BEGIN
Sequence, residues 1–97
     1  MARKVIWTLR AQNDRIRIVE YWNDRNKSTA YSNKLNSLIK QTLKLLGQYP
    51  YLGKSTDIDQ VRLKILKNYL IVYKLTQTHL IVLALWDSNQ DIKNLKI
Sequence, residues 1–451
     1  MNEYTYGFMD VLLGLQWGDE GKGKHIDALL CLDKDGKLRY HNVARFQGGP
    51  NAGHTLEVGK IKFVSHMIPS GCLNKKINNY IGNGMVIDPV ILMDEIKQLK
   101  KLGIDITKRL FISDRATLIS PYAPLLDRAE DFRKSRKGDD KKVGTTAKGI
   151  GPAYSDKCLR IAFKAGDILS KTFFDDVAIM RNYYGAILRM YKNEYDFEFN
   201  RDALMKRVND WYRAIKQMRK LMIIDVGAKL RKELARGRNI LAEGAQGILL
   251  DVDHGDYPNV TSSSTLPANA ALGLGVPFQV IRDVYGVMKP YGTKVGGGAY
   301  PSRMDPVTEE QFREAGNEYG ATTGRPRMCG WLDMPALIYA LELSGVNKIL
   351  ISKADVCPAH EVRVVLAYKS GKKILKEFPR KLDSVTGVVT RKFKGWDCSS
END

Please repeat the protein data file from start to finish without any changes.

Sequence, residues 1–97
     1  MARKVIWTLR AQNDRIRIVE YWNDRNKSTA YSNKLNSLIK QTLKLLGQYP
    51  YLGKSTDIDQ VRLKILKNYL IVYKLTQTHL IVLALWDSNQ DIKNLKI
Sequence, residues 1–451
     1  MNEYTYGFMD VLLGLQWGDE GKGKHIDALL CLDKDGKLRY HNVARFQGGP
    51  NAGHTLEVGK IKFVSHMIPS GCLNKKINNY IGNGMVIDPV ILMDEIKQLK
   101  KLGIDITKRL FISDRATLIS PYAPLLDRAE DFRKSRKGDD KKVGTTAKGI
   151  GPAYSDKCLR IAFKAGDILS KTFFDDVAIM RNYYGAILRM YKNEYDFEFN
   201  RDALMKRVND WYRAIKQMRK LMIIDVGAKL RKELARGRNI LAEGAQGILL
   251  DVDHGDYPNV TSSSTLPANA ALGLGVPFQV IRDVYGVMKP YGTKVGGGAY
   301  PSRMDPVTEE QFREAGNEYG ATTGRPRMCG WLDMPALIYA LELSGVNKIL
   351  ISKADVCPAH EVRVVLAYKS GKKILKEFPR KLDSVTGVVT RKFKGWDCSS